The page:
That approach acknowledges the work already completed in the 22 adjudicated basins and a handful of others that have come to collective management agreements, including Orange County, Santa Clara Valley, and Coachella Valley.
“All the places that have good groundwater management have it because they had problems,” said Ellen Hanak, a senior fellow at the Public Policy Institute of California.
The law also seeks to remedy another big problem: The state does not currently require groundwater supplies or pumping rates to be measured.
Snow said that the new bill would require each groundwater basin to report everyone’s pumping quantities and depth of groundwater each year as part of their sustainability plans. They would also be required to set specific objectives for stabilizing the water level at a certain elevation.
“We didn’t require meters, but we’re requiring the adequate ability to monitor,” said State Water Resources Control Board Chair Felicia Marcus. “We’re trying to be as flexible as we can in a way that will allow locals to get us further, faster.”
But in fact, such metrics are key to understanding the problem and crafting the solution, says a Stanford project called Water in the West. It recommends keeping well-drilling logs, measuring aquifer levels over time, metering water pumped from a basin, and measuring changes in temperature, salinity, and contaminants, which can be a sign of overpumping. That information will help create groundwater models that can manage supply and demand as the climate changes.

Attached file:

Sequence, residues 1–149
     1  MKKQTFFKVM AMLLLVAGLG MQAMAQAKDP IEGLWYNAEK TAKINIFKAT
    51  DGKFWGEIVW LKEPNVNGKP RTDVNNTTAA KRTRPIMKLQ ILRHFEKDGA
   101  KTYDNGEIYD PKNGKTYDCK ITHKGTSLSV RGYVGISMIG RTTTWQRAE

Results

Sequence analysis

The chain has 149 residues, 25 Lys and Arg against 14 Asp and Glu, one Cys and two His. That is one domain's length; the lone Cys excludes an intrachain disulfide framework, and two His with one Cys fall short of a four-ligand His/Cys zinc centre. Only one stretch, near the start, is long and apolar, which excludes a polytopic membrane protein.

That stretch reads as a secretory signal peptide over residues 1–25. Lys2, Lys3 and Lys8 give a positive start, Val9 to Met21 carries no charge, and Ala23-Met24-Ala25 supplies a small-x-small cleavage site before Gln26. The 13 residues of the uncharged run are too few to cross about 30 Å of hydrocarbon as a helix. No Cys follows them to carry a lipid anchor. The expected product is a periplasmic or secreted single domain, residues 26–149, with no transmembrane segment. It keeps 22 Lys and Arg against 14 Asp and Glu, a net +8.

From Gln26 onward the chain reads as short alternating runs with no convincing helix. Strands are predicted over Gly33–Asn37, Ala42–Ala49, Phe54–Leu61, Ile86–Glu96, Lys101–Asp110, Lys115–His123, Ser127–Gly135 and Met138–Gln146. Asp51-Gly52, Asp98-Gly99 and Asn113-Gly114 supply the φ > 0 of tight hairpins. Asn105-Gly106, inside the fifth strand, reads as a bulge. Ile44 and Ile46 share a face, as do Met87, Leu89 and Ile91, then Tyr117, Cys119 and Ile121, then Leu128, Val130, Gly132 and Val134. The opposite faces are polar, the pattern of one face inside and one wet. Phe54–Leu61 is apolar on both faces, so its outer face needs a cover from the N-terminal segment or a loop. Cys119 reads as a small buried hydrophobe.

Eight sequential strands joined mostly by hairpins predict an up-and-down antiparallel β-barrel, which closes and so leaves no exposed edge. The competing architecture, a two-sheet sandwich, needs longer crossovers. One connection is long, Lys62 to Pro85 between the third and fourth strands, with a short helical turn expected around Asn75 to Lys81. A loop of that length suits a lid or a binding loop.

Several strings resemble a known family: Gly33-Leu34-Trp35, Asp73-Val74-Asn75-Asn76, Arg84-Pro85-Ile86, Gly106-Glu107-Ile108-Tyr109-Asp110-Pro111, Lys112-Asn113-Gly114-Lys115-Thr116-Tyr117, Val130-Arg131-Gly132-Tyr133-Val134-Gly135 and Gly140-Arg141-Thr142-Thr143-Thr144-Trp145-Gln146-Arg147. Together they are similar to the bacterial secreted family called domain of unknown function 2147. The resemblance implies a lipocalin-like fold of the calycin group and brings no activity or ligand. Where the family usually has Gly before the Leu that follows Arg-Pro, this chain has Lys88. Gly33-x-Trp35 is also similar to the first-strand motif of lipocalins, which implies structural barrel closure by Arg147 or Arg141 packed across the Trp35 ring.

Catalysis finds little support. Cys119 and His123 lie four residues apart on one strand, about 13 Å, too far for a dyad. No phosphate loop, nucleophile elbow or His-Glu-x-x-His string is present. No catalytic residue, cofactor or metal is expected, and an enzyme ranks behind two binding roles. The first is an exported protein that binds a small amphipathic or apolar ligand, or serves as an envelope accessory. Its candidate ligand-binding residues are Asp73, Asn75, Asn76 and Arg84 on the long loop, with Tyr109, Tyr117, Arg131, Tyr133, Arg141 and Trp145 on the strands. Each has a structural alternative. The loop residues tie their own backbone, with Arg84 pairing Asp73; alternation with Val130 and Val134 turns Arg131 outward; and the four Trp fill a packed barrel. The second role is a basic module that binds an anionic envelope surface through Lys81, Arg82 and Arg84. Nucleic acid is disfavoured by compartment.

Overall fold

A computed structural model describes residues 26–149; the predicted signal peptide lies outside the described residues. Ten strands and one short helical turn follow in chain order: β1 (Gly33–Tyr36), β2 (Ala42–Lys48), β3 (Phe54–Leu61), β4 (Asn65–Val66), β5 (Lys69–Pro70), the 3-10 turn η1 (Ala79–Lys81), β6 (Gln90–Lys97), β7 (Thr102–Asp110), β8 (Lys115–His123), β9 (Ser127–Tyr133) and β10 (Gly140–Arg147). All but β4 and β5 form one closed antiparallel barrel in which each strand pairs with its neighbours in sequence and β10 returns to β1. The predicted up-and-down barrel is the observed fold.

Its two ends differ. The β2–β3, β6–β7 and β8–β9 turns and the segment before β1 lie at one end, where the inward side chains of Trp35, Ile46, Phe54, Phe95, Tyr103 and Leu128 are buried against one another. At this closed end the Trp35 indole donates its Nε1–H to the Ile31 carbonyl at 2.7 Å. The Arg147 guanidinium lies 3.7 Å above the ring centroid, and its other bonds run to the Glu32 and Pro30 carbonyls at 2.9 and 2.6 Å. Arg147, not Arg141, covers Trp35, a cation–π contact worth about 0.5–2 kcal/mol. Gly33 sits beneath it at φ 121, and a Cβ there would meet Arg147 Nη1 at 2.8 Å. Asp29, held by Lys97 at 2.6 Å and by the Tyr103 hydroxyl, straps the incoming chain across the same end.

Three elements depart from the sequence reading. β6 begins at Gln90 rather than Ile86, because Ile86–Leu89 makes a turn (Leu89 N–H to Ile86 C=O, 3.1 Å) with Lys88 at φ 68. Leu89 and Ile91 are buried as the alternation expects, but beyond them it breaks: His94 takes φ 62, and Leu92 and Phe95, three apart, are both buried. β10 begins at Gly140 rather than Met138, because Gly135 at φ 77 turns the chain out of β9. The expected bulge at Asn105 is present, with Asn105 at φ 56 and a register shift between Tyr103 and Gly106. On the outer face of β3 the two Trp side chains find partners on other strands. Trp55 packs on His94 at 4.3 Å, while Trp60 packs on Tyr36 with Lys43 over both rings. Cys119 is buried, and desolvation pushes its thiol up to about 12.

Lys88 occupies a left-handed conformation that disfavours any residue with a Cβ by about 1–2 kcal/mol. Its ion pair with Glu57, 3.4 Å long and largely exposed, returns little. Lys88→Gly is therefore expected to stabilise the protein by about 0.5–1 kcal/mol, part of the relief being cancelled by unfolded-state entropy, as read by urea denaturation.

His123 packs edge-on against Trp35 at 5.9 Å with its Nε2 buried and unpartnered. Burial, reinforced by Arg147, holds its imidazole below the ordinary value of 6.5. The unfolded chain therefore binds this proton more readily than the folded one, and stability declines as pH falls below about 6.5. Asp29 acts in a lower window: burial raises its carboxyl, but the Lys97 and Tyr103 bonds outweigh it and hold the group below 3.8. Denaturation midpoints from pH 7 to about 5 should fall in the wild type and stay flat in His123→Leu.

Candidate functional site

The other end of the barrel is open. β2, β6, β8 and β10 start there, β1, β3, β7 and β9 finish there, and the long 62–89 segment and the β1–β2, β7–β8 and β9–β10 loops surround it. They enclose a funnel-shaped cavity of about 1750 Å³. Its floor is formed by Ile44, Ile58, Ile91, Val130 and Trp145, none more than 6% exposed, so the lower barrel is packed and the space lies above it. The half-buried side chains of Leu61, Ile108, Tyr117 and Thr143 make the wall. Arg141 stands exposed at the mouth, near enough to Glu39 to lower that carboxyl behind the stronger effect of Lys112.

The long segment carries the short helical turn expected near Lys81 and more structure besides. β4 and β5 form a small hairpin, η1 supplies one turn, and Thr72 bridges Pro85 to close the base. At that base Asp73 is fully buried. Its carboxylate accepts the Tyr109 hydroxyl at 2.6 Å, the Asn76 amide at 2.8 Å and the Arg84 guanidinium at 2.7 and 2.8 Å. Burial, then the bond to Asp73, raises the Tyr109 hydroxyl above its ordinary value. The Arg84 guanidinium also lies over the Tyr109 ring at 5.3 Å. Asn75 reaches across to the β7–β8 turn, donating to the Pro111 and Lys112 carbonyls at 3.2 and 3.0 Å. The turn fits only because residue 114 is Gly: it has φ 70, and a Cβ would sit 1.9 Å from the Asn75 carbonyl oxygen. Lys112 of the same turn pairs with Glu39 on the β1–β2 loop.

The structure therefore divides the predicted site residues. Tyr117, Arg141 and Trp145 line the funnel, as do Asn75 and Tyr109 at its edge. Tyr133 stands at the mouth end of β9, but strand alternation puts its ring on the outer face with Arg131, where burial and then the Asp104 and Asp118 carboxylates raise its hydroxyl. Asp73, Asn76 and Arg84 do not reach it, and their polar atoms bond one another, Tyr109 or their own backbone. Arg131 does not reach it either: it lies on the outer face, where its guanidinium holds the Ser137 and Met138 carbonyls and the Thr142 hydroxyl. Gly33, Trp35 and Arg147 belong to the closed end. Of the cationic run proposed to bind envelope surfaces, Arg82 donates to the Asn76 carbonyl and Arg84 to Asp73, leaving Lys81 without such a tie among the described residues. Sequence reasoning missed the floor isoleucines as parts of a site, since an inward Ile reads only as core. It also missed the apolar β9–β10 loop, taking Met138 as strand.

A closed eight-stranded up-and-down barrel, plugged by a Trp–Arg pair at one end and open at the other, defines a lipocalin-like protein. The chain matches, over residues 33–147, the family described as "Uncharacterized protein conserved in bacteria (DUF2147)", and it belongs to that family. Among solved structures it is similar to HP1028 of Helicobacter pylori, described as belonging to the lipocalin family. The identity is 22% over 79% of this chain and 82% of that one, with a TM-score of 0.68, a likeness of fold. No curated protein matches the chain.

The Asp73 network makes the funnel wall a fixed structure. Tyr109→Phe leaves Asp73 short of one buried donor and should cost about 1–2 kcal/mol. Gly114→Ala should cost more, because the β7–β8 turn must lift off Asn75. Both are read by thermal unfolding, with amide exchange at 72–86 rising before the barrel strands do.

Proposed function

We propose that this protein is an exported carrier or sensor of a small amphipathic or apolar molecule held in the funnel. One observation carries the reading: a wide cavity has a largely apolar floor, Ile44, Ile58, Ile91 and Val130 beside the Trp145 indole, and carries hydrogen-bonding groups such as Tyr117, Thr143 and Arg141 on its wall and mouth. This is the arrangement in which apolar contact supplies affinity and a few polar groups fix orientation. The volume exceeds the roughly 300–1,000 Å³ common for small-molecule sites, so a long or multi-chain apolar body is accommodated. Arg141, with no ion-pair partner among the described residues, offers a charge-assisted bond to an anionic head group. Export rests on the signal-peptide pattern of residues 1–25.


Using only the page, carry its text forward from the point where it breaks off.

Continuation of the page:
Intriguing technologies are beginning to help us measure groundwater resources more accurately. A NASA project called GRACE uses two satellites to measure subtle shifts in gravity from month to month. The addition or subtraction of water is one factor that changes the gravity field.
Still, “the challenge to metering groundwater is not technological, it’s political,” said Peter Gleick, cofounder of the Pacific Institute, an independent research organization focused on water issues. “There are certain people who benefit enormously from a lack of information and inefficiency—and those people have lawyers.”
And that’s likely why this bill isn’t pushing metering—because its sponsors want it to actually pass. Marcus said that local basins don’t need to use such technology in their sustainability plans. “There are proxies for measurement that are pretty accurate, like farmers’ energy bill for pumping, that can get you fairly close,” she said.